the market was supposed to crash immediately after Trump was elected, or no later than shortly after he was sworn into office. Some people apparently got out of the market entirely.

They missed a decent run-up during his first year.

Trying to time the market is a fool's game.

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Response to PoindexterOglethorpe (Reply #5)

Thu Mar 29, 2018, 04:12 PM

6. The market was riding high until the tax cuts

then we saw a correction, directly connected to the increased debt to pay for it.

There will be sell offs when that shithead announces tariffs or some other disastrous trade policy

He's been tweeting about Amazon. Facebook, Google, and others involved in data gathering could face regulations soon which affects many tech companies.

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Response to IronLionZion (Reply #6)

Thu Mar 29, 2018, 05:09 PM

8. Uhhhh, he's already announced tariffs.

Of course reaction to them might be part of some of the recent declines.

Again, I'm not concerned, especially not over one or two percent changes. I'm not even that concerned over a correction, a 10% decline, and would really like to see that happen. We're way overdue.

And yes, my own investments are down perhaps five percent from an all time high earlier this year, but I didn't think that high was sustainable anyway.

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Response to IronLionZion (Reply #6)

Thu Mar 29, 2018, 05:38 PM

9. The tax cut bill had little to do with it

 

It was passed on Dec 20, 2017 (and Wall Street knew well before it was going to pass). It's passage (and presumed effect) was baked into the cake. On December 20, the DJIA closed at 24,726. Post passage it continued to rise substantially, peaking at 26,616 on January 26, 2018. I bottomed out on February 8th, at 23,860. It has went see-saw since then, with a slight upward trajectory (it closed today at 24,103. In between the low on Feb 8th, and today's close, it went as high as 25,709 on the 26th of February.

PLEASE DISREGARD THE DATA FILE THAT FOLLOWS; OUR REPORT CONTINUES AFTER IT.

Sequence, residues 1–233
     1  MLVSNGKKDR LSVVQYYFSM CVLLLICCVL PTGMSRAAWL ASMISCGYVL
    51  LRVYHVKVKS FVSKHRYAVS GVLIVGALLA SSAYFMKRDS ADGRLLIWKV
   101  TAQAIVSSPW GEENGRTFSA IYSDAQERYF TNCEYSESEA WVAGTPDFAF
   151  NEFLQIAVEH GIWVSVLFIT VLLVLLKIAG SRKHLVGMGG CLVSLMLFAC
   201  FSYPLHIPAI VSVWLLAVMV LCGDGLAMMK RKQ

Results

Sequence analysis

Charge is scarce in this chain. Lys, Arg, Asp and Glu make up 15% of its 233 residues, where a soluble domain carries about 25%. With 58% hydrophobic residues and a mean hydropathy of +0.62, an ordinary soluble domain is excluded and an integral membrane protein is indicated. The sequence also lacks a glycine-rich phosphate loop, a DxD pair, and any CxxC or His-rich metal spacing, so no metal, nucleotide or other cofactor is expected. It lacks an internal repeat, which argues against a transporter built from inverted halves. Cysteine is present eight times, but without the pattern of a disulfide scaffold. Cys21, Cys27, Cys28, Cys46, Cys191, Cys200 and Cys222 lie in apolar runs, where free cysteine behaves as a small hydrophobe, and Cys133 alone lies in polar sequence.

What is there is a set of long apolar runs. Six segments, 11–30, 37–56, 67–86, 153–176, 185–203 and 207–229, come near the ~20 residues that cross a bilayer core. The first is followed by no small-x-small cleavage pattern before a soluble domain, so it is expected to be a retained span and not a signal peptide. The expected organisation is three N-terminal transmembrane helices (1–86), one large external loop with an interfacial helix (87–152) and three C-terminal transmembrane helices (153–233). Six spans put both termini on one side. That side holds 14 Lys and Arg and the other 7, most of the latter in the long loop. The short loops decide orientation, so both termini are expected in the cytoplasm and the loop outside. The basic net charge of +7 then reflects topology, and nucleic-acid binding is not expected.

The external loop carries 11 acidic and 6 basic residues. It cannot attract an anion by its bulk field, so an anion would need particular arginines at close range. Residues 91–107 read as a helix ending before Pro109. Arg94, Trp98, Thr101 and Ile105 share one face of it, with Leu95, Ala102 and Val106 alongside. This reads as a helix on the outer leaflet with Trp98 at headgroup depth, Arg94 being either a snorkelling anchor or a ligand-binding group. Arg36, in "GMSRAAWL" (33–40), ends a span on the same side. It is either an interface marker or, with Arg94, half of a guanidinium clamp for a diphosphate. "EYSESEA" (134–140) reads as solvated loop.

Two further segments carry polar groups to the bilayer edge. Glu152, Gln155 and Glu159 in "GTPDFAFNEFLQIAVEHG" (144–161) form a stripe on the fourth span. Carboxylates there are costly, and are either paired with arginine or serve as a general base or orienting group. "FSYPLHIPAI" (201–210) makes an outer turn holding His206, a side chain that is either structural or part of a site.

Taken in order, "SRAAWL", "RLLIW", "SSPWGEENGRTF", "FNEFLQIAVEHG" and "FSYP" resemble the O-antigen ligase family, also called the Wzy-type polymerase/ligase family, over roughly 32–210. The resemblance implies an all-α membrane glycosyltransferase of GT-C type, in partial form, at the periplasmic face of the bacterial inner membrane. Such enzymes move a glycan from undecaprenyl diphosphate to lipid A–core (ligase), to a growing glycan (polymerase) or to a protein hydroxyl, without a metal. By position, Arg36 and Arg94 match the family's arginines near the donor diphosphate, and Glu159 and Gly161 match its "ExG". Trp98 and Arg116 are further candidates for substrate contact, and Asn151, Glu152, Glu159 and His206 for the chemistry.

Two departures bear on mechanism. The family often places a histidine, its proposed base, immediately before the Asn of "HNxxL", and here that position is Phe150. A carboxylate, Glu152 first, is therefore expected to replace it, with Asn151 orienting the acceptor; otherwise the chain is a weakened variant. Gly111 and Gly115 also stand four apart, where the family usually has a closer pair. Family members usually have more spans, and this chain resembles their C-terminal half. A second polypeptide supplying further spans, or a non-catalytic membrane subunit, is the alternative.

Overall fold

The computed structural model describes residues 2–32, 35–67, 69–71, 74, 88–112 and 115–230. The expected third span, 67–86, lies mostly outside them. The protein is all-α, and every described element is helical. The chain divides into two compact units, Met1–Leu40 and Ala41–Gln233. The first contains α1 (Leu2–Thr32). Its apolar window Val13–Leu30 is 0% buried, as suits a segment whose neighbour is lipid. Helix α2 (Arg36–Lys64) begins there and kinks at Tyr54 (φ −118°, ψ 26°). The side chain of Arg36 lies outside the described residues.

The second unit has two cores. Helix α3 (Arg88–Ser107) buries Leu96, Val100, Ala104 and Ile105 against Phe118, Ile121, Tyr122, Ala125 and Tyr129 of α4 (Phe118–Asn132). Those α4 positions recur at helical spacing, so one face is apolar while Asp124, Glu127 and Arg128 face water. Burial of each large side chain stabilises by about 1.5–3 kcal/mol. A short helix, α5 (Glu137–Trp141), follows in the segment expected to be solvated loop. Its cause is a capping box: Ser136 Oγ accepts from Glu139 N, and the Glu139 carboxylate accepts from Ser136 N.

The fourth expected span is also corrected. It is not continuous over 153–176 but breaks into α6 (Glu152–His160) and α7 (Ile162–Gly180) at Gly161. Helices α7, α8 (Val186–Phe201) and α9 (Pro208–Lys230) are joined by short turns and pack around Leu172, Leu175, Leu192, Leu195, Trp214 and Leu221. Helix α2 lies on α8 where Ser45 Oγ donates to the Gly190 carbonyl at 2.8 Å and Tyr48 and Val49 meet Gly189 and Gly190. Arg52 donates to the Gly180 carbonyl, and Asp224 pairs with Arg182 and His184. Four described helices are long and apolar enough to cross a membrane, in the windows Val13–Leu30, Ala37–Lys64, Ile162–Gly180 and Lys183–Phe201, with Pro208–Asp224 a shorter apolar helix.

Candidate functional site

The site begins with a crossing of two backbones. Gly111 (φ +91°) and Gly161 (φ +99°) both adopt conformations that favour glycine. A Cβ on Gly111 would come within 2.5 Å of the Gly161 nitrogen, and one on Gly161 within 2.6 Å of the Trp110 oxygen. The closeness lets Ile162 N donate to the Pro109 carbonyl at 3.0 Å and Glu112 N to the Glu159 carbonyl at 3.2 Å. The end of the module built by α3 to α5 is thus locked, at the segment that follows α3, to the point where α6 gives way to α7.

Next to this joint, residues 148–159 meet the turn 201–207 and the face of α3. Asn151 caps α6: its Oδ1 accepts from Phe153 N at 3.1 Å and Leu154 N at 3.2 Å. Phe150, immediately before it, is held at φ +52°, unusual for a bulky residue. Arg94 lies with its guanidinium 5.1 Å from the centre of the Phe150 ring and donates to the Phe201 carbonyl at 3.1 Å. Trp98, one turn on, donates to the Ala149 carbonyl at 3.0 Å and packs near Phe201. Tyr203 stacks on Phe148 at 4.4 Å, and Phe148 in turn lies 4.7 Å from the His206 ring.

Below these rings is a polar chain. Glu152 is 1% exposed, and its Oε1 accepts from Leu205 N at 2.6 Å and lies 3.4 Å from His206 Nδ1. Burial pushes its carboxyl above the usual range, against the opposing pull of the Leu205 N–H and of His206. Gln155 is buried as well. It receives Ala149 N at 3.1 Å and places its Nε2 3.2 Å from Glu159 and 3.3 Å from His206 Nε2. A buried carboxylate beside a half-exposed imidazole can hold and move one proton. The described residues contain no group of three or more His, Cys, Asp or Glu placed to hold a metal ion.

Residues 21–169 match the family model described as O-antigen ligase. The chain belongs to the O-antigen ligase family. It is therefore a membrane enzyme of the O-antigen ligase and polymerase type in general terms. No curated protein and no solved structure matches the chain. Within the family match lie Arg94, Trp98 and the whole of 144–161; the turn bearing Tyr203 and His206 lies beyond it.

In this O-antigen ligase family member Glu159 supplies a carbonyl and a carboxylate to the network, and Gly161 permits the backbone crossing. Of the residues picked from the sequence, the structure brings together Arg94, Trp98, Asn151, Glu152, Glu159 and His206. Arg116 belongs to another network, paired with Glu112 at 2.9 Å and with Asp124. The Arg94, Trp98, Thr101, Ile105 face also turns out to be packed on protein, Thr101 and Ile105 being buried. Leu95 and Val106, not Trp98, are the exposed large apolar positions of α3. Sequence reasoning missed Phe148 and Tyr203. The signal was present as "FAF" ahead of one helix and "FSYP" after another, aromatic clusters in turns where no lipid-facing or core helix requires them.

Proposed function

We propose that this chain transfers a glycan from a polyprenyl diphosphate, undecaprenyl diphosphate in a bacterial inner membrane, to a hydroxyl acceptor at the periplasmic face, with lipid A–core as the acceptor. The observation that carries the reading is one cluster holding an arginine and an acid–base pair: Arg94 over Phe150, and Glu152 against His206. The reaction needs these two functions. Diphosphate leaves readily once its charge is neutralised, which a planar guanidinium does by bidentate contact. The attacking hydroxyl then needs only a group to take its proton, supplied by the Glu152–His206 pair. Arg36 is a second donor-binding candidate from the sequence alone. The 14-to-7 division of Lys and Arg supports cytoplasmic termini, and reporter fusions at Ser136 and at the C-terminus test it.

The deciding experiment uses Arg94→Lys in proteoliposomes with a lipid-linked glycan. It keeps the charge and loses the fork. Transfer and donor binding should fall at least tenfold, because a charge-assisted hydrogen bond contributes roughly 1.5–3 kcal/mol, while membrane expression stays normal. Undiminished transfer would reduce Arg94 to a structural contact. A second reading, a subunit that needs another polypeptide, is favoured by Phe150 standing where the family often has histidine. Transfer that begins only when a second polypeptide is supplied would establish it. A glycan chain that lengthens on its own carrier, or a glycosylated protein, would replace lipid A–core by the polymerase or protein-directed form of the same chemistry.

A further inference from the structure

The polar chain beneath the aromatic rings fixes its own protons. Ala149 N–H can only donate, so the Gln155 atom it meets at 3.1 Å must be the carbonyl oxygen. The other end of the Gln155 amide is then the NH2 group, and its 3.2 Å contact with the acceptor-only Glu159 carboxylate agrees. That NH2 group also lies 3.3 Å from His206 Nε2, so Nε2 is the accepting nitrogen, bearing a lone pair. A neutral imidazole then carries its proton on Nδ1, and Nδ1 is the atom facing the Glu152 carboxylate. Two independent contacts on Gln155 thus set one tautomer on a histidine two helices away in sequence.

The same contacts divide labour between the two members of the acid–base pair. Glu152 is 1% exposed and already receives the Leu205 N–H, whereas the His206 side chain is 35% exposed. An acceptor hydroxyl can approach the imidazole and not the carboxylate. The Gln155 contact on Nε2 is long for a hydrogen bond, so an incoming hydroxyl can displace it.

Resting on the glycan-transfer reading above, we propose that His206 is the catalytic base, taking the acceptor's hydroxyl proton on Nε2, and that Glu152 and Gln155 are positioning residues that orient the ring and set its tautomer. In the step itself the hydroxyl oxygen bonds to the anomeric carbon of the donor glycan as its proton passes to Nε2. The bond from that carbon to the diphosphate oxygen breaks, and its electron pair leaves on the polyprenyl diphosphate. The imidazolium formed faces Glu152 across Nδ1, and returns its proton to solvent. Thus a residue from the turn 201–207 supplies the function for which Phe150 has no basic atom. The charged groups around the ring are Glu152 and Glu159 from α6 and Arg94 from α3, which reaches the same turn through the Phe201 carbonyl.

By far the main drivers of the pullback were 2 interlocked things: the Feb 2 jobs report where the economy added 200,000 jobs, and wages grew by 2.9 percent, the most since 2009. Also, and very much linked to the report, the market is terrified of inflation, with the Fed then fighting this with higher interest rates, tightening monetary policy, thus turning off the easy money spigot that has been rolling since the quantitative easing regime started in 2008.



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Response to Exotica (Reply #9)

Thu Mar 29, 2018, 05:56 PM

10. Treasury has to sell more bonds to pay for it

which raises interest rates on bonds. The Fed is also selling bonds to roll back their stimulus. As rates go higher, there will be some selling equities and buying bonds, especially for retirement funds and many balanced mutual funds.

I'm not talking about a 1 day drop in the DOW. I'm thinking of a multi-year situation of low or no growth in equities, and plenty of volatility ahead.

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Response to IronLionZion (Reply #10)

Thu Mar 29, 2018, 06:09 PM

11. I agree if you lengthen the event horizon, yes, it will, of course have some effect

 

I was strictly dealing with the February/March sharp, semi-corrective sell-offs. I am glad to see you have a good grip on monetary policy/market understanding.

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Response to yallerdawg (Original post)

Thu Mar 29, 2018, 04:59 PM

7. I'll take my chances

I lost many of my advantages in sports betting so I transferred to primarily an investor who dabbles in sports wagering. If the market stalls I'll simply reverse the tilt.

Let's put it this way...I don't think my Apple stock is returning to cost basis levels.